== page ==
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Sunday, July 6, 2014

Worker classification - Does Section 530 apply to the states?

IRS Publication 1976.
I'm pleased to offer a guest post today - from Dr. David Jenkins. He writes about a longstanding issue that Congress has let linger even though it is of growing importance. The broad issue is how to classify workers as either employees or independent contractors. The issue Dr. Jenkins addresses within this topic is "Section 530" that was part of the Revenue Act of 1978. Basically, Section 530 allows employers to misclassify workers if they meet a specified safe harbor. It also prohibits the IRS from issuing guidance on worker classification.  Section 530 adds some complexity, including how it applies to workers, state governments and outside of the employment tax arena.

Dr. Jenkins lays out an argument for Section 530 applying to states and also to the Affordable Care Act. Here is his summary of a longer paper (see link  to full paper at end).

Why Section 530 of the Revenue Act of 1978 Applies to the States

By David Randall Jenkins, Ph.D.*

Section 530 of the Revenue Act of 1978 may already apply to the states, the Affordable Care Act, and title 29 issues.  Don’t be surprised if state unemployment agencies and DOL are rabid in pursuing misclassification issues in your business or your clients’ businesses.  But don’t give up the section 530 issue when those agencies claim it is limited to subtitle C employment taxes.

The Department of Labor and the Internal Revenue Service entered into a Memorandum of Understanding (MOU) on September 19, 2011.  The next day, six states joined the MOU melee.  Now, a few years later, the tale of the tape is in. 

The Obama administration undertook a strategy to attack Section 530 of Revenue Act of 1978 by and through state unemployment agencies and a DOL attack which the executive branch ostensibly contends lies outside subtitle C.  The President’s section 530 animus can be traced back to his days in the senate, by and through failed legislation he proposed shortly before he occupied the White House.  The administration’s transparent goal is to reign in independent contractors to be covered as employees for Affordable Care Act purposes.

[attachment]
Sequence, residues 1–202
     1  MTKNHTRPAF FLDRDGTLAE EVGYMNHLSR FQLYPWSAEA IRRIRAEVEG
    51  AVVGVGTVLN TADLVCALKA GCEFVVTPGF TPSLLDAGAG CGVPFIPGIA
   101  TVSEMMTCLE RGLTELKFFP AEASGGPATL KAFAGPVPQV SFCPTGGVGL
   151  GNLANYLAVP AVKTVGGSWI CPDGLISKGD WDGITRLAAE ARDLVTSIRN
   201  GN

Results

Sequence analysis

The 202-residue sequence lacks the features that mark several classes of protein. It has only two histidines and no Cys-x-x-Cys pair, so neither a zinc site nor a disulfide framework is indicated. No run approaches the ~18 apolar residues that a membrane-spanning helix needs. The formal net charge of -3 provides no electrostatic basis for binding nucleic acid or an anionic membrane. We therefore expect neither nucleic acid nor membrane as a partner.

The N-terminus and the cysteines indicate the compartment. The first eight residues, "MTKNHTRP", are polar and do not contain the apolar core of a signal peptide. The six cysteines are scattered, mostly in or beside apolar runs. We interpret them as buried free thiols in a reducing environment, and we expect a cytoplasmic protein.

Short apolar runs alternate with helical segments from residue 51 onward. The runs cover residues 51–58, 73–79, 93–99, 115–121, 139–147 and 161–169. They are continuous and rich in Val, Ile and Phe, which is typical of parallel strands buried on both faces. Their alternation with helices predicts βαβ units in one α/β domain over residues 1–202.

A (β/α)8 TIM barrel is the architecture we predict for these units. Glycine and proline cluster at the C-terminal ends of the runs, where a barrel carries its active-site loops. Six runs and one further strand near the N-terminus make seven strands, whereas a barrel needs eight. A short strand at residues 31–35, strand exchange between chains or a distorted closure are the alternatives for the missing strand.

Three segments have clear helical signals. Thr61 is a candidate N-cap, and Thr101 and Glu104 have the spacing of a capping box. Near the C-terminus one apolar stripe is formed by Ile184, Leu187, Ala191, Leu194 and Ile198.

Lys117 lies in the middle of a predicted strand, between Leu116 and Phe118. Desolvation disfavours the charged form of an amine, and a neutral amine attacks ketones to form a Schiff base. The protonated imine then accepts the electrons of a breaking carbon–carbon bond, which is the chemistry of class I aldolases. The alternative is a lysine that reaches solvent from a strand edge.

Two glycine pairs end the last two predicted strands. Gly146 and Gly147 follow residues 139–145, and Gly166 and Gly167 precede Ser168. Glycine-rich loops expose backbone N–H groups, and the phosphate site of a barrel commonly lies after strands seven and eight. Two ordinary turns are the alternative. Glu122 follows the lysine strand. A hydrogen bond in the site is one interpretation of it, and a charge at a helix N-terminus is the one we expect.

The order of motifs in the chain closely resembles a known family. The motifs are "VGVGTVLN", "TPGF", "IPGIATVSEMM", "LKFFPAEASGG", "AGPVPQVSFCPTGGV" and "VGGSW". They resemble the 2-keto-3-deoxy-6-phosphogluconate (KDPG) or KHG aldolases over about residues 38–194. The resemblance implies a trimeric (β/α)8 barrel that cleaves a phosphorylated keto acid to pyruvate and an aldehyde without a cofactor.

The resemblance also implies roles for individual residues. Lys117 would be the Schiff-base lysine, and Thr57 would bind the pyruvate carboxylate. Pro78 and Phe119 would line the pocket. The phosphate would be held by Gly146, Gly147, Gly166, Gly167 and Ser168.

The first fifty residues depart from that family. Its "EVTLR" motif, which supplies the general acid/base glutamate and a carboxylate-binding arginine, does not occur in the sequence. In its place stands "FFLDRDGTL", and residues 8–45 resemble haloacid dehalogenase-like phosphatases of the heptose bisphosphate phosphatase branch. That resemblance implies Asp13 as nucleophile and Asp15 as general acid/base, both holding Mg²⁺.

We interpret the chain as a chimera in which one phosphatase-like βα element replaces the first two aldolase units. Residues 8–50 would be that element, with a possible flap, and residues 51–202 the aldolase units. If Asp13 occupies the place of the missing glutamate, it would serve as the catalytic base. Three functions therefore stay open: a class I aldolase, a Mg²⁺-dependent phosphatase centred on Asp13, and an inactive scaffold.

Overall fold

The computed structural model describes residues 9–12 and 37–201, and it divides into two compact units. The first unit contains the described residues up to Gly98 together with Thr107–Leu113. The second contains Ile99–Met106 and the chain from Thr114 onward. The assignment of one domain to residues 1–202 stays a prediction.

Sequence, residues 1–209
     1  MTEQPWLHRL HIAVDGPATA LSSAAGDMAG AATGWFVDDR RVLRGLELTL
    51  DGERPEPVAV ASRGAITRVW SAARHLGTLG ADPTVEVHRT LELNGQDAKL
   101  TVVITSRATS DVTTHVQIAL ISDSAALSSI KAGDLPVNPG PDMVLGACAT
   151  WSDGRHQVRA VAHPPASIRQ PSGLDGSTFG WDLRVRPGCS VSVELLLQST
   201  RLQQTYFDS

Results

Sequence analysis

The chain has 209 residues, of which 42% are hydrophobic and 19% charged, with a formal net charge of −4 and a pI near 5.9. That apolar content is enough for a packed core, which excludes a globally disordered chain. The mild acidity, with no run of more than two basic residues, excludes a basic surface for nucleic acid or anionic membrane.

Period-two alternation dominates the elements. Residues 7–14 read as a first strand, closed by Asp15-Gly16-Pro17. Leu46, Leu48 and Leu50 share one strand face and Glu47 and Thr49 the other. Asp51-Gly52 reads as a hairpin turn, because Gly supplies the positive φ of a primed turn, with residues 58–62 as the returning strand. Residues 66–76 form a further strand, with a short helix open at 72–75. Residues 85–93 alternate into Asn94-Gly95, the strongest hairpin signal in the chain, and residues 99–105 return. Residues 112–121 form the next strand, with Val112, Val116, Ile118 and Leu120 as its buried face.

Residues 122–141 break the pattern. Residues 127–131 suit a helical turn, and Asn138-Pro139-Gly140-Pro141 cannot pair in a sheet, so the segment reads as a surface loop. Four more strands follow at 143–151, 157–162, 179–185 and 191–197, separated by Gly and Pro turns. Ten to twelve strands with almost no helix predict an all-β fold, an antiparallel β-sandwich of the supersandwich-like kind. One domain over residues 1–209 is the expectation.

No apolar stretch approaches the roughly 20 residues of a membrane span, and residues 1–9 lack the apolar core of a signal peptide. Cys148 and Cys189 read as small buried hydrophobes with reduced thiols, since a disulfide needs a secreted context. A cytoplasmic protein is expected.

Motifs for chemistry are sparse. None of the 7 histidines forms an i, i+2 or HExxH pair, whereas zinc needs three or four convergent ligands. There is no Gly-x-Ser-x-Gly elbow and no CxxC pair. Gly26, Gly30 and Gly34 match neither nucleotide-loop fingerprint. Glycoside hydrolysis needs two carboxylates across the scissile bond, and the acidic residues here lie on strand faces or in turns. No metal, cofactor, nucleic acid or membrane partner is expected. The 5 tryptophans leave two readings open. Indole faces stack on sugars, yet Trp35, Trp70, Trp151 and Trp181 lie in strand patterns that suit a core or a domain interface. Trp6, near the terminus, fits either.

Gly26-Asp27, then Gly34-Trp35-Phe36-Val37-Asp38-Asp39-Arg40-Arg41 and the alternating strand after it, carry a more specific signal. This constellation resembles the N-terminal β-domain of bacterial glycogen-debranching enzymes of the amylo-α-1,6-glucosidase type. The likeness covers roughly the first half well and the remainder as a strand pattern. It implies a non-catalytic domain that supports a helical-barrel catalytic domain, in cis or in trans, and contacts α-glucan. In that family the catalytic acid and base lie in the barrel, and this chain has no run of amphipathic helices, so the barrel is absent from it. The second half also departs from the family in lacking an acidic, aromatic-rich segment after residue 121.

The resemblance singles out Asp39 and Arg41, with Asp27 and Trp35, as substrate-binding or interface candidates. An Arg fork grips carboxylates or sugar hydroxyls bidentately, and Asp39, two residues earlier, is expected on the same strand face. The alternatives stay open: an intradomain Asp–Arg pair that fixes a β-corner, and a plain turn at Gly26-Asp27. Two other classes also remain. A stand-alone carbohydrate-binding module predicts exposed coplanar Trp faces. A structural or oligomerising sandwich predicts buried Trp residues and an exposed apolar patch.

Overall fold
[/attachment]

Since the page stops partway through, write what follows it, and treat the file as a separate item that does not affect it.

The Supreme Court’s Rowan decision may stand for the proposition Congress contextually qualified the subtitle C definition of employment and employee when it enacted section 530.  Because the independent contractor safe harbor provision is not part of the Internal Revenue Code, per se, it may also be held to contextually qualify similar definitions in U. S. Code provisions other than those contained in Title 26.  Moreover, longstanding dual federal-state taxing jurisprudence implicates contextually qualified subtitle C definitions extend to the states to ensure coterminous, uniform, and harmonious state enactments.  For these reasons, the federal employment tax safe haven already applies to the states.

It is interesting to note there are conflicts among the states in recognizing the safe harbor provision’s applicability to state employment acts.  For example, Indiana respects the coterminous, uniform, and harmonious requirement while Missouri does not.  However, H.R. 1642 has been passed by the Missouri house and is dawdling before the Missouri senate.  The provision will extend IRS section 530 determinations to matters before the Missouri employment agency.

It appears the Obama administration’s interference in the section 530 Congressional will to contextually qualify the unemployment tax definitional infrastructure implicates separated powers substantive due process.  The caldron is currently boiling.  Federal intervention looms on the horizon. 

My paper, “Why Section 530 of the Revenue Act of 1978 Applies to the States,” is available on my website at: (scroll down near the bottom of that webpage).

*Dr. Jenkins has a Doctor of Philosophy in financial accounting and a Masters in Accounting with an emphasis in tax from the University of Arizona.  He has taught tax courses at both the graduate and undergraduate level.  He currently provides tax and business consulting services through his company, Algorithm LLC (
What do you think?

1 comment:

Peter Rudolph CPA said...

This is an area where the government could be more effective in collecting tax dollars and employers are often aggressive with classification. At the end of the day--depends on what you advocate for the client.